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Garda warning for ‘vulnerable’ clergy after latest attack

Declan Tierney



The clergy in rural County Galway have been asked to step up their own security in the wake of a second attack on a parish priest since the beginning of the year.

And the Gardaí have said that they are willing to provide advice on an individual or a group basis to priests when it comes to improving their home security.

Last weekend the home of Caherlistrane PP Fr. Pat O’Brien was forced by four intruders who tied him up and made off with a paltry amount of money.

But now the clergy in general have been advised to take additional steps to secure their parochial houses in the wake of this attack and one which occurred in early January in Fohenagh during which a priest was assaulted.

The Gardaí say that there may be a perception within the criminal element that there are large amounts of cash stored in priests’ houses and have urged that better security measures be put in place.

Detective Sergeant Mick O’Driscoll of Tuam Garda Station said that traditionally the priests of any parish receive callers on a daily basis but in the wake of these attacks, it was now time to be alert to the threat of roaming gangs of criminals.

He said that priests now had to look at their own security and urged them not to keep large sums of money in their parochial houses in the aftermath of weekend Masses.

Detective Sergeant O’Driscoll then confirmed that the Gardaí were following a number of lines of inquiry into the incident during which a gang of raiders ransacked Fr. Pat O’Brien’s house which left him shaken and traumatised.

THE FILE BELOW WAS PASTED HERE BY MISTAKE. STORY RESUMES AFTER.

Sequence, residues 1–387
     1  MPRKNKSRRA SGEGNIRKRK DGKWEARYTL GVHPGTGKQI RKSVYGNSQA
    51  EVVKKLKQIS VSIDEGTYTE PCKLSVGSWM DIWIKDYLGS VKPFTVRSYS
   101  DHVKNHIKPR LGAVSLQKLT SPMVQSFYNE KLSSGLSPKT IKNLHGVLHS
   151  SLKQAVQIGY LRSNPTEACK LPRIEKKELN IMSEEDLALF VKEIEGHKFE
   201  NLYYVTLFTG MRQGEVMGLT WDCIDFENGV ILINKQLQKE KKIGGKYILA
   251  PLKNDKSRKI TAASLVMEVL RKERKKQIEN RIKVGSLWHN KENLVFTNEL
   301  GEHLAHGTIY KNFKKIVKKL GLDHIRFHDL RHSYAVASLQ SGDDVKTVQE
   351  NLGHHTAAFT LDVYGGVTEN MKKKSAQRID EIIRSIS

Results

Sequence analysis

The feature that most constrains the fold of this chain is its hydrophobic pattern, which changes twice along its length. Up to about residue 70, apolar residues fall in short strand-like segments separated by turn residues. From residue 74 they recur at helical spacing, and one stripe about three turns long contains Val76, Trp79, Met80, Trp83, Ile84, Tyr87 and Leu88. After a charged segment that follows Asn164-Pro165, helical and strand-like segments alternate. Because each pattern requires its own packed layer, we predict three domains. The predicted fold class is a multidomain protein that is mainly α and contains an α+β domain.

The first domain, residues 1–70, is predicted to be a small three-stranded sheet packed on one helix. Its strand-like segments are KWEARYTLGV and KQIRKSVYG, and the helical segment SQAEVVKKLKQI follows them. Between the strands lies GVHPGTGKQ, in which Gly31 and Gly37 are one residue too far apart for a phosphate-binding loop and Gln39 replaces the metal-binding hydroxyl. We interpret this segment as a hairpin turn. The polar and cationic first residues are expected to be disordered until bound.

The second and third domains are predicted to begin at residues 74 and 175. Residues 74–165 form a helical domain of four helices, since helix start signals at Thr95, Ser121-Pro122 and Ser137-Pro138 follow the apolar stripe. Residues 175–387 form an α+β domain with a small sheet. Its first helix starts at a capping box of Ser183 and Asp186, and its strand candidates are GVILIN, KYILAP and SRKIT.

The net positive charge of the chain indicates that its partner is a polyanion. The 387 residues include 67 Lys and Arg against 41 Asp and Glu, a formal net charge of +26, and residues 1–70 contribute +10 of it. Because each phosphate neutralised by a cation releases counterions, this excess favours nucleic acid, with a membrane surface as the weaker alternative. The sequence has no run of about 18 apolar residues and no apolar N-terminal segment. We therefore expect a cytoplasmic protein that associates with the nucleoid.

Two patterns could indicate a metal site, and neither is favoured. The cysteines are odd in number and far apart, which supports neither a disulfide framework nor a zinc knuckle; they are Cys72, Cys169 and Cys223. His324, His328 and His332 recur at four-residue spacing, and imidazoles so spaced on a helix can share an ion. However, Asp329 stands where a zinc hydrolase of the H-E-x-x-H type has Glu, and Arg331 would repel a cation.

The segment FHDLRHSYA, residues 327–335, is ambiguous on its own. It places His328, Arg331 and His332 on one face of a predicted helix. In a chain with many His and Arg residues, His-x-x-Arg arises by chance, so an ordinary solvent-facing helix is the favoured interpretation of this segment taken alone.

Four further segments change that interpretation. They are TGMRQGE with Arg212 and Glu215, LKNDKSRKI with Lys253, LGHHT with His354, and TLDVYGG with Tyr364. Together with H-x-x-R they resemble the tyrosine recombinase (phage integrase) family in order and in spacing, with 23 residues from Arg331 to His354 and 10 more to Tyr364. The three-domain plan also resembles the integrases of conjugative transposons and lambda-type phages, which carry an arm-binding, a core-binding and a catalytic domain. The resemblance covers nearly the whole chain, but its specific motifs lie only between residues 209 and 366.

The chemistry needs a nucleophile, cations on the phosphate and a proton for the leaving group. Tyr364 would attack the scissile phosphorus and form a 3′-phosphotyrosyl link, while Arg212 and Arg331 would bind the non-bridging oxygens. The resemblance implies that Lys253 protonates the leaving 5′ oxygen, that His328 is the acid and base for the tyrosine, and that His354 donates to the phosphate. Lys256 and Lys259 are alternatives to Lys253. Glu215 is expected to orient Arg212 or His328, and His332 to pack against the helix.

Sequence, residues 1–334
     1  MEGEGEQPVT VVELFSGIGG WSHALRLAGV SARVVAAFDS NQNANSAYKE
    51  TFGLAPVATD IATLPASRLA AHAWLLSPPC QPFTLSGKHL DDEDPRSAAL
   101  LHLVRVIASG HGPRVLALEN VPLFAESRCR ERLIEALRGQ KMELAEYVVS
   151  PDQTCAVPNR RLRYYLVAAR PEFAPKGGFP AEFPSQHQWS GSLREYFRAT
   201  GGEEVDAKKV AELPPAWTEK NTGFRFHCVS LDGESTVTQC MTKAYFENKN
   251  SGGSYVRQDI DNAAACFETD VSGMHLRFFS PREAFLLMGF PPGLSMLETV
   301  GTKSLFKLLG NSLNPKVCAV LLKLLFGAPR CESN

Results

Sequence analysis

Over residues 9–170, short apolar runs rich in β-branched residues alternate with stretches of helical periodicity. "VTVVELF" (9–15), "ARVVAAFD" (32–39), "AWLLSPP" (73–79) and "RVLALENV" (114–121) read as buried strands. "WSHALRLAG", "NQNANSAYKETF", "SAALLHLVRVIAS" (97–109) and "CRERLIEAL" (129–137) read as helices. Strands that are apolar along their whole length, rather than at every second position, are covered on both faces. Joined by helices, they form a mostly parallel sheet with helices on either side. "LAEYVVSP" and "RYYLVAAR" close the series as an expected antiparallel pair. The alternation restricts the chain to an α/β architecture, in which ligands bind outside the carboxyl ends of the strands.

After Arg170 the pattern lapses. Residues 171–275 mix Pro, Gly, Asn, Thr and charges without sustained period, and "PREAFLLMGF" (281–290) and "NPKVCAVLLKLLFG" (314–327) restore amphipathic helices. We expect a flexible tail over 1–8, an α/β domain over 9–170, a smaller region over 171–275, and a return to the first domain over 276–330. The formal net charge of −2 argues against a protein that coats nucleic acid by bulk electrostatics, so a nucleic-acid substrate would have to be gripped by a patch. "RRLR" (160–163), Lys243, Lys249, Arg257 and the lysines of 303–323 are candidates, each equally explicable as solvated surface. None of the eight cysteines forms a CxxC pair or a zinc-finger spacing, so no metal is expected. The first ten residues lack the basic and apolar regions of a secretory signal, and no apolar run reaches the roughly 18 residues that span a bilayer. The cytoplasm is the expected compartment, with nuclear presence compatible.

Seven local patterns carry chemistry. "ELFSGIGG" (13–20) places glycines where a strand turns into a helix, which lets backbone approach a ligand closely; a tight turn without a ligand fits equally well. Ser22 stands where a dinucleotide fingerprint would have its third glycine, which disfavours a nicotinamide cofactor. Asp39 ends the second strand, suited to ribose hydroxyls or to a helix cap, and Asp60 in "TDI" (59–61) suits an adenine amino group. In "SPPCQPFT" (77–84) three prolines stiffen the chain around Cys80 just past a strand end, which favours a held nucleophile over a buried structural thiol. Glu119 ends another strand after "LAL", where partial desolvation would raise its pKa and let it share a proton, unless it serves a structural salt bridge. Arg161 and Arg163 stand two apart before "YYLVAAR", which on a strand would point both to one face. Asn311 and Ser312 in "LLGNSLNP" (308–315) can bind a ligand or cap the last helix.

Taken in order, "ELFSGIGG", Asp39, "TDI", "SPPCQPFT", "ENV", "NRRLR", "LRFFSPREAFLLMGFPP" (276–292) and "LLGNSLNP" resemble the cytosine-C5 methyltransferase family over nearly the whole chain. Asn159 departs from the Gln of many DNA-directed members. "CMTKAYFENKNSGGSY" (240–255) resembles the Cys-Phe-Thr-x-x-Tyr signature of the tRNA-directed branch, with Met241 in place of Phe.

One of the gang members repeatedly called him a paedophile and Fr. O’Brien revealed that he was particularly frightened of this individual.

The PP was watching the Ireland v Sweden soccer match on television when he answered a knock to the door on Friday night last. He had previously been with one of his parishioners whose sister had died. It is understood that the gang are from the Limerick or Cork area and had carried out the raid in the hope of finding money that they could use to pay for drugs.

The four men, dressed in balaclavas forced the door in on top of the priest and then tied him up as they ransacked the house.

See full story in this week’s Connacht Tribune.

Connacht Tribune

Connacht Tribune tributes to loved ones




These past few months have seen so many communities left to silently mourn family members and friends, whose funerals they would have attended in such numbers, were it not for the current Covid-19 restrictions.

But those that are gone have not been, and will not be, forgotten – which is why we want to open the pages of the Connacht Tribune to you to tell their stories.

If you’ve lost a loved one, whether to Covid-19 or not, or if your community or organization or sports club is mourning the death of a valued member and friend, you can email us your tribute and we will publish it in our papers.


All you have to do it to click on the above link, and it will take you to a short set of questions which you can fill in – and then add whatever you feel tells the story of the life of your friend, family member or colleague.

You can email that with a photograph to us, to or you can post it to ‘Obituaries’, Connacht Tribune, 21 Liosban Business Park – and please enclose a contact number in case we have any queries.